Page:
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Thursday, March 21, 2013


Does Inclusion in Democracy Lead to Liberty?

To increase inclusion in democracy, Young argues for proportional representation as means to encourage voter involvement in politics. A voting system that elects party members proportionate to the overall votes they receive, eliminating “single-member, winner-take-all” system that we currently utilize, “provides more opportunity for differentiated representation,” (Young 152) claims Young. Furthermore, “proportional representation tends to increase party competition and enable more parties to obtain legislative seats.” (Young 152) This, Young believes, will eliminate exclusion by giving minority groups more incentive to vote. She believes proportional representation to be a viable solution to many of the problems that are apparent in our democratic process.
            Young says participation is still an important factor in the success of proportional representation. Without it, representatives are “liable to become separate from the constituents, and the citizens relatively passive in relation to the representatives.” (Young 152) While Young discards this as a minor problem with the thinking that this model encourages participation by giving minority parties a deciding voice in political situation and one which holds politicians accountable, I disagree. Proportional representation gives these groups a false sense of inclusion, “you can speak and we will listen but, your voice doesn’t matter,” consequently promoting exclusion. In addition, it follows that the proportion of the popular vote that is received by a minority politician, is also the weight of their particular vote in legislative decisions. It seems improbable that the small percentage of influence that is possessed by a minority group could ever be enough to swing a positive result in their direction, even if several groups agreed on the same issues and voted accordingly, the problem would still persist.
            Political congestion is an inevitable outcome that would seem to positively correlate with the number of parties that exist. With an expanded legislative system that is required to accommodate proportional representation, it follows that inefficiency in the government process is a strong possibility. Assuming that the model works and many different groups are represented proportionately. With such diverse opinions presented across a wide range of represented groups, if a conclusion could ever be agreed upon, the concessions made to achieve a compromise would in no way satisfy the entire population of groups, if any at all. Assuming again that the model works and many different groups are represented, but disproportionately, the weight of their vote is once again taken into account making their vote irrelevant; much like a third party in our presidential elections.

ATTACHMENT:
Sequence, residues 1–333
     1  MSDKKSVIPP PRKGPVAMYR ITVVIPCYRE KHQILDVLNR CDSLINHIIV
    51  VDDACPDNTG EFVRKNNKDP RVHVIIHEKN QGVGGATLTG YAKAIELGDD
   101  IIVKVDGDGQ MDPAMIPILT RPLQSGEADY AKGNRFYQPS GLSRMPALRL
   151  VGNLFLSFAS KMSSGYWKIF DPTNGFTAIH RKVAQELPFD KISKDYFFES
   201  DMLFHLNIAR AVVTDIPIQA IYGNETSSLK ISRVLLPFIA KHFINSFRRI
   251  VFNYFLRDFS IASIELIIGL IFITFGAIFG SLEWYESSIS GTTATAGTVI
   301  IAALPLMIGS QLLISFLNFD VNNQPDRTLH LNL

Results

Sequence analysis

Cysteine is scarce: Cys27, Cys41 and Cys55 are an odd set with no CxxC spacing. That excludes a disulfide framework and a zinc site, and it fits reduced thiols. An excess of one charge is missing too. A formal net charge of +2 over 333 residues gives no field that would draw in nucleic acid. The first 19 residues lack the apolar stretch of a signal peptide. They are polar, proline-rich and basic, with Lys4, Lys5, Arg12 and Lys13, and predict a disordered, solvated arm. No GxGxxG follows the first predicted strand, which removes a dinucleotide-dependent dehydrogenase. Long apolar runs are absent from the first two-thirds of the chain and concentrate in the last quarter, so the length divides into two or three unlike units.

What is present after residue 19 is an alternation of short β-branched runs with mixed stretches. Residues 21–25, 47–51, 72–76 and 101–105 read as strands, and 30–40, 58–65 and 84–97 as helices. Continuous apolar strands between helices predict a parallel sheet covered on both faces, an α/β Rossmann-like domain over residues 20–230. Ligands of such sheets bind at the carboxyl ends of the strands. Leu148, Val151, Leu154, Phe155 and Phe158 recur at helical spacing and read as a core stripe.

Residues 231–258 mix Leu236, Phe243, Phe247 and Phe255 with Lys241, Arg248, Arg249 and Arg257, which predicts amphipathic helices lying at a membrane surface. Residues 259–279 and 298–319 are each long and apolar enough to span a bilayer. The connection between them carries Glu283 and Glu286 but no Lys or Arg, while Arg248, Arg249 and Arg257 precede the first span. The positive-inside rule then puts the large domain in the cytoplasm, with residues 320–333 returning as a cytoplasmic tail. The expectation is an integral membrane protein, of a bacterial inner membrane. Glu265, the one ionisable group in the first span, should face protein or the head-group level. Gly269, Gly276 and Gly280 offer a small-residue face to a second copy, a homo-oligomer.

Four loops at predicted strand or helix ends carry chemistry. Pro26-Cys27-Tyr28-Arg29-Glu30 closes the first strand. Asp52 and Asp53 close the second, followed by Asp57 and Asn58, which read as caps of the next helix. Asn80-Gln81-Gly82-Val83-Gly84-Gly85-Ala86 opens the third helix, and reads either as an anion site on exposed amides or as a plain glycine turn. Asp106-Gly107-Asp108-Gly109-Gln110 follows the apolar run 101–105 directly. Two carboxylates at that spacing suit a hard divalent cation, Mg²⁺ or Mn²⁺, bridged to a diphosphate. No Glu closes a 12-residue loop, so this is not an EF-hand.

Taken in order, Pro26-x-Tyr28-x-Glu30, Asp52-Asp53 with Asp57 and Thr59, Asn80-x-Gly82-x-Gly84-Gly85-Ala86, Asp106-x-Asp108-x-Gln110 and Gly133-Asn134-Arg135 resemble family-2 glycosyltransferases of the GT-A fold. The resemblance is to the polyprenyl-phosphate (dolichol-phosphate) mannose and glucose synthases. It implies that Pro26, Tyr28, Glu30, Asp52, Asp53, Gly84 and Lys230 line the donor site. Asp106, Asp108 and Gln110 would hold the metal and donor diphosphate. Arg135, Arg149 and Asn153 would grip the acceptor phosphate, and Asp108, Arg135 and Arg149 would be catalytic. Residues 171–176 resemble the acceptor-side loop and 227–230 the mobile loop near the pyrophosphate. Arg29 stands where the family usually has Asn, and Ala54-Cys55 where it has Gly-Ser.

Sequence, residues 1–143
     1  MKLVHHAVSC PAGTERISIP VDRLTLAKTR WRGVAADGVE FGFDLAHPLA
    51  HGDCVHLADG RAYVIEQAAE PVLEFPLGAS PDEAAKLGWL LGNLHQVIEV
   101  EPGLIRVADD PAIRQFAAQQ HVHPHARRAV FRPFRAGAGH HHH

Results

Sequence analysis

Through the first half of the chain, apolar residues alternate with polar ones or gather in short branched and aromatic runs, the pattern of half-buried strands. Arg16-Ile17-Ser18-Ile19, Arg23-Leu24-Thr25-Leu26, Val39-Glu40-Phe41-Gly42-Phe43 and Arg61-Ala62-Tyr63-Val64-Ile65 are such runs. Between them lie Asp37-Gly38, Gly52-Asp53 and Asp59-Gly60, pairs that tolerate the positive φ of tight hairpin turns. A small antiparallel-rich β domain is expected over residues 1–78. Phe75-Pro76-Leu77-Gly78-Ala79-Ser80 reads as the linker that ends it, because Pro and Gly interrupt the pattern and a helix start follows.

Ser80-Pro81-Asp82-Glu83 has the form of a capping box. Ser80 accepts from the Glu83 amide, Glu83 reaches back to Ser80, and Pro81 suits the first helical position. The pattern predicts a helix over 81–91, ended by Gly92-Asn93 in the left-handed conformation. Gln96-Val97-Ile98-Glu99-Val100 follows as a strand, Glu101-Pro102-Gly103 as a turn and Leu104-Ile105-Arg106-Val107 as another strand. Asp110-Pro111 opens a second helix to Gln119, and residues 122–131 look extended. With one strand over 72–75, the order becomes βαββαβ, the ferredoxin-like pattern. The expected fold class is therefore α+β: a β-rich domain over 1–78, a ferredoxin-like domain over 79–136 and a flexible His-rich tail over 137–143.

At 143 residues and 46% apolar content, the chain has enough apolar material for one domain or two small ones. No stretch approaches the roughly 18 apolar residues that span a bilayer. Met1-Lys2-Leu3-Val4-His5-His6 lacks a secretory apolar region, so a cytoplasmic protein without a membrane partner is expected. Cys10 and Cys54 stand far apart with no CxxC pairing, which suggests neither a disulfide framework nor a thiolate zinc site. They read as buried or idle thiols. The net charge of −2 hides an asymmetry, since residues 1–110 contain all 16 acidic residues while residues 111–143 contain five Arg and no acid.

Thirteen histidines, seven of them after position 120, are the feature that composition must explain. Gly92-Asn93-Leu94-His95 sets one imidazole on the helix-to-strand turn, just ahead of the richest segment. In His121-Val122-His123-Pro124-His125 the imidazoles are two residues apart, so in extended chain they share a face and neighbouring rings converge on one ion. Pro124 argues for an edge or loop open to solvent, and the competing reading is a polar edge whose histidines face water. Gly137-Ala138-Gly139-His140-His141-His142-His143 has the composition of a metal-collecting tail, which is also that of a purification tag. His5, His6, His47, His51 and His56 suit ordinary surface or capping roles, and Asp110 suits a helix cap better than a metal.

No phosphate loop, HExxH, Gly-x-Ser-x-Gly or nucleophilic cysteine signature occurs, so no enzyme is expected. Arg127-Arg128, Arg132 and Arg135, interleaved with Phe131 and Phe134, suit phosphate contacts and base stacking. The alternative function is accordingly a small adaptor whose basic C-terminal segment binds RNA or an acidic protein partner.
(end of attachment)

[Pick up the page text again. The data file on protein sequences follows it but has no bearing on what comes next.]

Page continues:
Again, assuming that proportional representation does work and the new system does give opportunity for minority groups to gain power. The possibility then increases for radical groups to achieve representation. If inclusion is indeed promoted and representation is in fact accounted for, nothing is present to prevent groups like the National Socialist Party of America from gaining legitimate status in government. It may be a stretch to argue this fact, but a causal link does exist and with Young’s argument being so general in nature, it seems she overlooked some of the key variables that could have at least added some validity to her argument. 
Another reason for criticism of Young’s model is it fails to present any viable options for eliminating corruption through elections. With the existence of advocacy groups such as lobbyists and money from big business, whose interests often oppose those of the general public’s, the doors still remain open for unethical decisions that are influenced monetarily and predacious activity that is inconsistent with liberty. The process of campaigning for a political position and the money required to even be a feasible candidate presently puts the minority in a position of exclusion from the start. Until these problems are addressed it seems that any democracy that suffers these initial setbacks is flawed from the beginning. The quandary with the repeating process of political corruption is the group of politicians, businesses, and advocacy groups who benefit from the existing conditions, ironically are the ones who have the power to change them. If the incentive outweighs the likelihood of repercussion, political corruption through campaigning will persistently be a problem that needs to be addressed.  
Young argues that equal representation is a key aspect of justice and inclusion in democracy. I agree, but I fail to see where Young makes any clear accounts of how to accomplish this. The solutions that she supports don’t seem to rid politics of the oligarchy or even the fascist tendencies that are present in our contemporary model. The proportional representation model argued for in this instance, still allows for the same unequal grounds in representation that our current model boasts. Existing problems will endure until the terms money and politics are no longer synonymous or each individual citizen takes our political process to be one with intrinsic value.   

Young, Iris Marion. Democracy and Justice. New York: Oxford University Press Inc., 2000.

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